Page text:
War of the Rebellion: Serial 049 Page 0423 Chapter XLI. CORRESPONDENCE, ETC. -UNION.

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November 5, 1863.

The loss in officers and men sustained in this corps at the hands of guerrillas during the past few days demands the careful attention of all to prevent a recurrence in the future. The command is admonished that we are here in the field for military and not social purposes. Visiting in the families of the country in which our operations are conducted, riding for pleasure, either alone or in small parties, or even any unnecessary exposure when in the line of duty, are directly in violation of every recognized military principle. They will, therefore, be abstained from in future. Every house within or without the lines of the army is a nest of treason, and every grove a lurking place for guerrilla bands. They are on that account to be watched and avoided.

Division commanders are expressly directed to give to this matter their earnest attention.

In the transmission of orders or the conduct of the public business, care will be taken that individuals or small parties are not unnecessarily exposed, and every effort will be made to confine all officers and men to such close attention to their duties as will remove all temptation to go beyond the lines of their immediate command.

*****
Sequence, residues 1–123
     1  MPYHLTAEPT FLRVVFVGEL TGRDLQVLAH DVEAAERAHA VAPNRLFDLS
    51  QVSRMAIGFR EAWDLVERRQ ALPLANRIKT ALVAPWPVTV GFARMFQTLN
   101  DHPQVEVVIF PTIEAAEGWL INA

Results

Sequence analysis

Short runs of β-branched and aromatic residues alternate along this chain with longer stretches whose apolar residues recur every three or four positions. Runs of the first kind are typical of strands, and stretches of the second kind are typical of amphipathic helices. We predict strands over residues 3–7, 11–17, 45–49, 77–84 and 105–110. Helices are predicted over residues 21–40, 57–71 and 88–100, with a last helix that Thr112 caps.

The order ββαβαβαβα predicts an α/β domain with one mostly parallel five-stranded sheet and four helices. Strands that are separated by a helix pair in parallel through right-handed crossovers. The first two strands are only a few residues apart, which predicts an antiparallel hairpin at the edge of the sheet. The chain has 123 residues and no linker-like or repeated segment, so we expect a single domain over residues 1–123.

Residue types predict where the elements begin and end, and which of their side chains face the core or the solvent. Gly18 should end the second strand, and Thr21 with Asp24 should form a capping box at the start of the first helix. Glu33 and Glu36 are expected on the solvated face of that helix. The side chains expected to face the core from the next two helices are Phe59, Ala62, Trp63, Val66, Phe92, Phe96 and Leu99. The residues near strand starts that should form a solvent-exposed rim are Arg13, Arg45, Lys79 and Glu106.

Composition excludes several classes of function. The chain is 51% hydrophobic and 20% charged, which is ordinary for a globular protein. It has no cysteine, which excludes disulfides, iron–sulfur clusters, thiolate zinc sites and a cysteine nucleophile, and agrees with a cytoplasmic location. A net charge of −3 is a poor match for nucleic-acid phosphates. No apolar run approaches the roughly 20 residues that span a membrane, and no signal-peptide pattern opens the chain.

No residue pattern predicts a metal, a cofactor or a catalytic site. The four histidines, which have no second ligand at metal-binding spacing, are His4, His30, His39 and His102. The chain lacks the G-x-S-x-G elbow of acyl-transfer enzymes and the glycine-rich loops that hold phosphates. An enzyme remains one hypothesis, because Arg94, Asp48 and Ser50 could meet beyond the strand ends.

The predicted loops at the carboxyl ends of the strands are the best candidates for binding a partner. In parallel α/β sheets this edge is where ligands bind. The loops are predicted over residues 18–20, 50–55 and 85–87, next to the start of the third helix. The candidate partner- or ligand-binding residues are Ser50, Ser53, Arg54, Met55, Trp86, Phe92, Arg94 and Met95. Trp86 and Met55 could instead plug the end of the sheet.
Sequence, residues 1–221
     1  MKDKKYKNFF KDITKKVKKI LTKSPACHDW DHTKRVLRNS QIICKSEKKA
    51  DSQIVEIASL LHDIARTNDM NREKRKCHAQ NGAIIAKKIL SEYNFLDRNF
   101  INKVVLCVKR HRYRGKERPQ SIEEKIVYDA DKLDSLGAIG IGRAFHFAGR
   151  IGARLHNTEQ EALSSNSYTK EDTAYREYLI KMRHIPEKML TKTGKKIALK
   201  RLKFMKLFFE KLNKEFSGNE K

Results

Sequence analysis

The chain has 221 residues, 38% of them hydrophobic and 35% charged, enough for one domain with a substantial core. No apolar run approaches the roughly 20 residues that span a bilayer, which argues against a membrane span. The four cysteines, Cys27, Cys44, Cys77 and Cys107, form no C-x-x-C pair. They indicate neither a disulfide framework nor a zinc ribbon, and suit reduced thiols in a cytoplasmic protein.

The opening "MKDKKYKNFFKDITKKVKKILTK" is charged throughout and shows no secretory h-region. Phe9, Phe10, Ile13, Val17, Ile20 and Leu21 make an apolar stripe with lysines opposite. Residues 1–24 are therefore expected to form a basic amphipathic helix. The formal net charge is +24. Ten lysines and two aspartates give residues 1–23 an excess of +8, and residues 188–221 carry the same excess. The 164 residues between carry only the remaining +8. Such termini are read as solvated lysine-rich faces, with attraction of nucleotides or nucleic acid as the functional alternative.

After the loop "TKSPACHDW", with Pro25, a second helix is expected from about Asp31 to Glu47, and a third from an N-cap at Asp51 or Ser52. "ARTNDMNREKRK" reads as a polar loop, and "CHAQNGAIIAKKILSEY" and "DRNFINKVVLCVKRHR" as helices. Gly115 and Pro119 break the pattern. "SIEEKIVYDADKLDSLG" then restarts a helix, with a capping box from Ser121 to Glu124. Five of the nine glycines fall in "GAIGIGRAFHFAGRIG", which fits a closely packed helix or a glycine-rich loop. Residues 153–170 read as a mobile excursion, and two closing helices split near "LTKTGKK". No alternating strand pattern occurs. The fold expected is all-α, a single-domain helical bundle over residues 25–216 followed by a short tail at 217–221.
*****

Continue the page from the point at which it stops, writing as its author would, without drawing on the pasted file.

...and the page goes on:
Any infringement of the spirit of this order will be reported to these headquarters, that the appropriate remedy for such neglect of duty may be promptly applied.

By command of Major-General Pleasonton:


Assistant Adjutant-General.

CLARKSBURG, W. VA., November 5, 1863-2 p. m.

(Received 3. 45 p. m.)

Brigadier-General CULLUM,

Chief of Staff:

General Sullivan reports that Captain Bailey, of the First New York Cavalry, had just returned from a scout, bringing 1 major and 5 privates, with horses and equipments. Killed 3 and mortally wounded 1. Imboden is again threatening our lines in the valley.



NOVEMBER 6, 1863-7 p. m.

(Received 8 p. m.)

Major-General HALLECK:

General Kilpatrick returned from Falmouth last evening, having driven the enemy's cavalry across the river.

A movement of the enemy's infantry down the river was reported yesterday. Supposed to be in consequence of Kilpatrick's operations.

This morning the enemy crossed at Kelly's Ford, and caused my cavalry pickets at that point to retire a short distance. A scout just in reports Lee having reviewed his army day before yesterday, and that the transportation trains had been increased; also a general report prevailing in the rebel army that a movement was soon to be made.